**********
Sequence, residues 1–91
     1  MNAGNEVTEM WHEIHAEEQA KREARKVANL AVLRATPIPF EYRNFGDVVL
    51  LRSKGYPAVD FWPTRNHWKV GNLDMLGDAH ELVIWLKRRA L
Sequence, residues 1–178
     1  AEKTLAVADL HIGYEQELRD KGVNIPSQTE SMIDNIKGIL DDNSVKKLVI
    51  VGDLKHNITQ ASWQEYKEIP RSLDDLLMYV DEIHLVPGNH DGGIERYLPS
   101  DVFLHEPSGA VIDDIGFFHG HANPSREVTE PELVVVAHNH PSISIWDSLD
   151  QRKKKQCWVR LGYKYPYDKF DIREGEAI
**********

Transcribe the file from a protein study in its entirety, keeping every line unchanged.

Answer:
Sequence, residues 1–91
     1  MNAGNEVTEM WHEIHAEEQA KREARKVANL AVLRATPIPF EYRNFGDVVL
    51  LRSKGYPAVD FWPTRNHWKV GNLDMLGDAH ELVIWLKRRA L
Sequence, residues 1–178
     1  AEKTLAVADL HIGYEQELRD KGVNIPSQTE SMIDNIKGIL DDNSVKKLVI
    51  VGDLKHNITQ ASWQEYKEIP RSLDDLLMYV DEIHLVPGNH DGGIERYLPS
   101  DVFLHEPSGA VIDDIGFFHG HANPSREVTE PELVVVAHNH PSISIWDSLD
   151  QRKKKQCWVR LGYKYPYDKF DIREGEAI